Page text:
The Life of The Notorious German Pirate Klaus Störtebeker

Klaus Störtebeker was born in Wismar in 1360,and would go on to become one of the most feared men at sea.

Since his birth he has been portrayed differently throughout the years, but he mostly became known as a sort of German Robin Hood figure. In reality though, he probably gained his notorious reputation as a pirate by been brutal and ruthless.

Some famous pirates throughout history stand out as being feared across the seas, and Nikolaus Störtebeker is definitely one of them.

The North and Baltic Seas are generally not associated with piracy, but as one of northern Europe’s main trading routes hundreds of years ago, it was a magnet for someone like Störtebeker to use to his advantage.

Klaus Störtebeker ‘s Life In Piracy 

Störtebeker’s career in piracy began when became part of the Victual Brothers, originally formed as quasi-official privateers working to defend Mecklenburg (now northern Germany) against Danish ships.

He joined the Victual Brothers during a time of war between Denmark and Sweden in the late 14th century. His job initially was to get food to the Swedish people, while trying to sink Danish ships along the way.

As the Victual Brothers became highly successful at their job, they soon realized they could expand their operation, and not just focus on Danish ships. They turned to general piracy under the battle cry of “God’s friends and the whole world’s enemies,” they began to plunder ships, taking whatever loot they could get their hands on.

During the time in which the Victual Brothers took their operations to a new level, a group of traders known as the Hanseatic League were in their prime. Trade was exceptionally good, moving large amounts of gold and goods between cities such as Hamburg, Lübeck and Rostock.

Störtebeker became the bane of traders. He plundered their cargo taking shiploads of gold and goods from greedy merchants, and legend has it, he used to send portions of loot to people living in poverty, hence his later reputation as the Robin Hood of Germany. One story claims that Klaus Störtebeker was also a heavy drinker, and was able to drink a four-litre mug of beer in one gulp, though that story is obviously an exaggeration, it does more to highlight his drinking habits.


Klaus Störtebeker was eventually arrested and put on trial for piracy. The main story of his arrest claims that when his ship was seized, it was found to be packed full with gold and silver. These riches were taken and put to use in paying for the building of the spire of Hamburg’s Katharinenkirche.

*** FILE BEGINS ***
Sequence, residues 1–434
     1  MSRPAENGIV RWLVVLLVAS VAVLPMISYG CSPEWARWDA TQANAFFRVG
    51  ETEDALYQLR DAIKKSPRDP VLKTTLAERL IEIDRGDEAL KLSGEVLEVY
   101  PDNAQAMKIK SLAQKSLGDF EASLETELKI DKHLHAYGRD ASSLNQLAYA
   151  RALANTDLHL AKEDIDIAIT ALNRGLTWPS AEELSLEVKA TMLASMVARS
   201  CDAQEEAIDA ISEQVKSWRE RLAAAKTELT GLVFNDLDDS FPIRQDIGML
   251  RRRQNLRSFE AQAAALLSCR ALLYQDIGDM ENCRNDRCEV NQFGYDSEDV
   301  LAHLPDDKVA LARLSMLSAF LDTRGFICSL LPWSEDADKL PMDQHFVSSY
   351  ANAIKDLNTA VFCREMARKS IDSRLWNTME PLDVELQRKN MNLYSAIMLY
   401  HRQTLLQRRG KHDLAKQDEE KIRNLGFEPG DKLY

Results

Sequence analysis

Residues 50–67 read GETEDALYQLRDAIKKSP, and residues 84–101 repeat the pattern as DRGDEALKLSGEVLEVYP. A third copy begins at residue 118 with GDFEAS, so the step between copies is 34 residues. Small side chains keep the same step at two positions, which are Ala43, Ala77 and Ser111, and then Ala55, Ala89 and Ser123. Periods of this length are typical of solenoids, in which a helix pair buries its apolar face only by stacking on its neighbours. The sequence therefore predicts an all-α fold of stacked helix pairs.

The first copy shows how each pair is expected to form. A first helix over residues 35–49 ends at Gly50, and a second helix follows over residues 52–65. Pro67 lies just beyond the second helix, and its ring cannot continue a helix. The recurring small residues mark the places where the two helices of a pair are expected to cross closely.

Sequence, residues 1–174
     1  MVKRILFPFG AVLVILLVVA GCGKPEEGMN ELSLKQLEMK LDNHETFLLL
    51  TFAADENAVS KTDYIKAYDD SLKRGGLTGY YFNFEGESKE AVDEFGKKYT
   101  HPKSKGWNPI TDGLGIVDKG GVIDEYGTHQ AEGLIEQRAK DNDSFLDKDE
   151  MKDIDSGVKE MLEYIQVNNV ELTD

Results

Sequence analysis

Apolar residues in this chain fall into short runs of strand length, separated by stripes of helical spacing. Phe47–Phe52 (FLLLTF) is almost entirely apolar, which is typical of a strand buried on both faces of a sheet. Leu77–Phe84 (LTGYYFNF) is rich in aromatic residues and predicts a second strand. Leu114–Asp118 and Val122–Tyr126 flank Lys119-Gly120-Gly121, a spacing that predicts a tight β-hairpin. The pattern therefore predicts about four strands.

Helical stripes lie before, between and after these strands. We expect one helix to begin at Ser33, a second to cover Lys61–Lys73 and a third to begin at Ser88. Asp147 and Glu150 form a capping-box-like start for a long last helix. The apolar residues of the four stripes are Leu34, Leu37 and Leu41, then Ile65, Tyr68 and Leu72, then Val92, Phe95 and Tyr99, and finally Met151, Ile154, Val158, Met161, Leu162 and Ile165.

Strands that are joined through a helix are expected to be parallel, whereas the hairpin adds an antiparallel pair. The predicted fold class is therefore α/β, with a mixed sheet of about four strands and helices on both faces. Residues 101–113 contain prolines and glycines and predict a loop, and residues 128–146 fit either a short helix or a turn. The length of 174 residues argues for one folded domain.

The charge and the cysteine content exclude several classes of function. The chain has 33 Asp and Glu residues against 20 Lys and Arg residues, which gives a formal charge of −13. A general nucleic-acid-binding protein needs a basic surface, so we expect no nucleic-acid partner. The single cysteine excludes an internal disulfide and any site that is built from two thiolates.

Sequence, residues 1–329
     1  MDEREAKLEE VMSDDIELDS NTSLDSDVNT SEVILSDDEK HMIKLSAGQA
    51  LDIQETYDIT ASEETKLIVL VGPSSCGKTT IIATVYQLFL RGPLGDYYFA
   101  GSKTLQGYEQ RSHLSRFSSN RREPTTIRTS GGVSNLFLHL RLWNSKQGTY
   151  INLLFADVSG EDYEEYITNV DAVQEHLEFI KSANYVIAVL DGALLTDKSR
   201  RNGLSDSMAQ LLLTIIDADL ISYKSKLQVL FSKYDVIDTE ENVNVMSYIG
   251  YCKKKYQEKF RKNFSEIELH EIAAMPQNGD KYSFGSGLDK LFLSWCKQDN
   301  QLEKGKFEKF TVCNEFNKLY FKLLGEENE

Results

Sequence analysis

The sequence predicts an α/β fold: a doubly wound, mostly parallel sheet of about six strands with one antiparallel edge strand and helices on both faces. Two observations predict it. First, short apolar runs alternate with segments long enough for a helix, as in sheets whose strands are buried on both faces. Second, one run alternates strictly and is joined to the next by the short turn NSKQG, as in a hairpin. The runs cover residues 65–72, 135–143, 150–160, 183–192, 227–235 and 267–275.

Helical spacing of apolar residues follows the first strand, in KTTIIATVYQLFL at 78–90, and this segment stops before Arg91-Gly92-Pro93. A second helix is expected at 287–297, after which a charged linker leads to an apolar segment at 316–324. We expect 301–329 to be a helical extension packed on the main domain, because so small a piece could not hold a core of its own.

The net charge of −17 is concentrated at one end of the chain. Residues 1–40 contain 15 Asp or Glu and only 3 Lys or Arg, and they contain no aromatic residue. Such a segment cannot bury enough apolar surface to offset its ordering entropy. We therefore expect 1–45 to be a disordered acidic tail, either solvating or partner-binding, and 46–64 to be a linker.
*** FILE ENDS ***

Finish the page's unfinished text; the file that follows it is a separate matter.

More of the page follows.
Another story gets a bit more imaginative, and claims that Störtebeker offered his captors a gold chain that was so big it could be wrapped around the entire city of Hamburg, in exchange for his release. 

What we do know though, is that in the year 1401, Störtebeker and his fellow pirates were captured by the authorities, and taken to Hamburg to face trial. The men were charged and sentenced to be executed, however, legend has it, that Störtebeker tried to make a last minute deal in order to save the lives of his men. The deal he tried to make was bizarre. He told his executioners that after he was beheaded, his headless body would try to walk past as many of his men as possible, and those he managed to walk past should be saved. Legend has it, his headless body had managed to walk past eleven of his men, but the authorities failed to keep their end of the bargain and proceeded to execute all 70 or so of his men. Their severed heads were displayed publicly as a warning to anyone else thinking of taking up piracy. 

The Impaled Skull of Klaus Störtebeker

The head of the pirate Klaus Störtebeker was long thought to have been lost, but in 1878 during construction work, a skull was unearthed in the right location. This skull has been on display at the Hamburg Museum since 1922.

Although the skull has made it into the museum of Hamburg, it’s not entirely known if this is indeed the skull of Germany’s infamous pirate. It has been dated to the 14th century, but a DNA test in 2004, proved inconclusive when researchers tried to match the DNA of the skull with the DNA of Störtebeker’s descendants.

The skull would become a target for thieves in January 2010, when it was stolen from the museum, only to be returned again a few days later. It is now on display next to a bust created by the sculptor Elisabeth Dayne, which was cast from the skull.